UE Local 1135 ratified a new four year contract with the Tulip Corporation on December 22 after a contract campaign that included membership mobilization and a vote to strike. The battle became heated over raises and health insurance as well as fair treatment in the workplace. The auto parts company committed several unfair labor practices (ULPs) during bargaining, including unilaterally changing the health insurance.
In their battle to win wage increases and improve the affordability of health insurance, workers wore stickers, signed petitions and marched on the boss’s office twice. After turning down the company's final offer on December 10, workers voted to authorize a ULP strike, the first strike vote in the local’s 20-year history. Inspired by the Black Lives Matter movement that emerged over recent instances of police violence against African Americans, Black, Latino and white workers wore stickers and signed petitions that said “Our Lives Matter.”
These were the first contract negotiations since Tulip was bought by an investment firm more than a year ago, says Local 1135 President Shirley Harrison. “Since I’ve been in on every contract we’ve had, I’d say that this was one of the toughest, outside of the first one.” The local was organized in 1993 and Harrison has been president since then. “I would say never underestimate your people when they know what’s at stake, and they really came in, they came through for us. They understood that this was the first time we negotiated with this company, and if we didn’t get them to move on something this time, we probably wouldn’t get them to more on the next contract. We knew that if we stood united we could get, not all, but some of the things that we wanted to achieve, and that’s what we did. In past years we didn’t have much participation from the skilled people, but we got that participation this time.”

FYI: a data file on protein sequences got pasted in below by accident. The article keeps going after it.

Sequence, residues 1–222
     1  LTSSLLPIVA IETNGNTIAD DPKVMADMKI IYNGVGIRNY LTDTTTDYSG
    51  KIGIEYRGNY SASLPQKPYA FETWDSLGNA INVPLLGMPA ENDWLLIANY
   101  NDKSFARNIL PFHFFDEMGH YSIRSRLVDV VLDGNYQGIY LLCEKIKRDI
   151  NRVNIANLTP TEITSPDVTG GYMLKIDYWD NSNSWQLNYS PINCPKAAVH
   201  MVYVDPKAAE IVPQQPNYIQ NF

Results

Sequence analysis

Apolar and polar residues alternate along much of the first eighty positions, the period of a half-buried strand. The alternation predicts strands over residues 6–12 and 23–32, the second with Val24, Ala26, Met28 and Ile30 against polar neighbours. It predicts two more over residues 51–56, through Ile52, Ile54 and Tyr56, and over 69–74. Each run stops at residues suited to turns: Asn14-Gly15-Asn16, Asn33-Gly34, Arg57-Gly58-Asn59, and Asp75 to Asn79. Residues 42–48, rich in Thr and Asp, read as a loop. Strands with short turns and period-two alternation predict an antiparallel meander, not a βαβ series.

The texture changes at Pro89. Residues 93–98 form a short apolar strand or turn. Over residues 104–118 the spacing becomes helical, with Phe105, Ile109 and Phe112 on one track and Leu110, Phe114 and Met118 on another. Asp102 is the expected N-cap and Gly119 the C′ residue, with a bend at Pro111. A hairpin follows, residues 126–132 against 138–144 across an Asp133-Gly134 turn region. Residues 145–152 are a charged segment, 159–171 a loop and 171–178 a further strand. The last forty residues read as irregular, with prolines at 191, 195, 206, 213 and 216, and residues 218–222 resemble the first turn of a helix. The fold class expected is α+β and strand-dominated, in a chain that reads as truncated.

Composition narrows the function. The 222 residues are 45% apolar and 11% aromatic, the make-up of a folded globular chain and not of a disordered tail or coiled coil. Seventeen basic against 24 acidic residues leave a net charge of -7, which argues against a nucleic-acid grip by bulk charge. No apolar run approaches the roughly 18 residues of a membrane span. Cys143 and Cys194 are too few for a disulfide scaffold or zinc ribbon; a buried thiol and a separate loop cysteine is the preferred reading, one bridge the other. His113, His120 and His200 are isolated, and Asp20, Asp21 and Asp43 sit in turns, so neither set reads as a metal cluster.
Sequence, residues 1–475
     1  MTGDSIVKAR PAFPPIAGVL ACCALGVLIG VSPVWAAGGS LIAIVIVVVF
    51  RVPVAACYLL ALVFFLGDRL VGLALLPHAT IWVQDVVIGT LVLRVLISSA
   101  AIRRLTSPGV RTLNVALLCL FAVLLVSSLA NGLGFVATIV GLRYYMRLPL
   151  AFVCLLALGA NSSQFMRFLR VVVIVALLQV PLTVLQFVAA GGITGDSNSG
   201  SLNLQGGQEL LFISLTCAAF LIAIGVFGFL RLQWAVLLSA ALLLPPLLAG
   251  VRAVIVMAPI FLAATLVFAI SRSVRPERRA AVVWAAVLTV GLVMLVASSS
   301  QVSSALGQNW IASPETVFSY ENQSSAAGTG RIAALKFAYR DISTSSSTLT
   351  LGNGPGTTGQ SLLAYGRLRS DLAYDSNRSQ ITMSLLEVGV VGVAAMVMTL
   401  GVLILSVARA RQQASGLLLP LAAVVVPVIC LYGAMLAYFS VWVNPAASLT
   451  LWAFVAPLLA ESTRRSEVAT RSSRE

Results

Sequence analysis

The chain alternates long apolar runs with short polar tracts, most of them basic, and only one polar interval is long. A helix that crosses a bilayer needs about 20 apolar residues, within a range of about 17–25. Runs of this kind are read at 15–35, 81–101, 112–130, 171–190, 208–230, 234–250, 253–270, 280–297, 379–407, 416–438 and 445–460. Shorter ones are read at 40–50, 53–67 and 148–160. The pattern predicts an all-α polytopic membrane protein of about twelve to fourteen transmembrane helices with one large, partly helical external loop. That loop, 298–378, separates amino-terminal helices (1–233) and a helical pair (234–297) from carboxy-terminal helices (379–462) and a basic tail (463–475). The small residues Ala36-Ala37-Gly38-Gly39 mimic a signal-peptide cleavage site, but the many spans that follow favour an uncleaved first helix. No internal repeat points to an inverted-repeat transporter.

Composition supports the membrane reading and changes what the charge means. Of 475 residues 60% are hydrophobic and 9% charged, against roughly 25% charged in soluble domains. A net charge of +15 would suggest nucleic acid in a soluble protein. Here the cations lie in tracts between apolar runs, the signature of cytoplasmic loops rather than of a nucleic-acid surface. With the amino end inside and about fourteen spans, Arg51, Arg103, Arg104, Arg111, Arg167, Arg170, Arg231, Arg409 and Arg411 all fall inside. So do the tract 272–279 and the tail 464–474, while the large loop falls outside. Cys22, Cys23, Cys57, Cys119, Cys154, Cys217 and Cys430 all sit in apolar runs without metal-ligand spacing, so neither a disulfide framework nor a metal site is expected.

“We had an unscripted meeting with the top management guy here,” Harrison adds, “because we went to deliver a petition and he turned it into a meeting and the members got to tell him how they felt. So I think we did pretty good.”
After the membership voted to strike, management met with the committee in a final effort to avert a walkout. The company increased its wage offer and put up more money for health insurance. The union and company were then able to arrive at a tentative agreement. The members ratified a contract with $1,600 bonus in the first year, a 2 percent raise with a $250 bonus in the second year, and two 2 percent raises in both the third and fourth.
Historically, Tulip contributed less than one-third of the cost of monthly health insurance premiums, and as a result less than one-half of the bargaining unit had coverage. But in this contract the company will offer a single coverage option in which each worker will pay no more than 9.5 percent of her or his annual wage. This is based on the Affordable Care Act’s definition of “affordable coverage.” The employer also increased the monthly contribution towards employee plus spouse, employee plus child or children, and family coverage. Union members made gains in seniority, health and safety and other working conditions as well.
The union bargaining committee was composed of President Shirley Harrison, Vice President Russ Parker, Stewards Willie Ann Gordon, Anthony Watts and Malik Grant. They were assisted by UE International Rep. Leah Fried.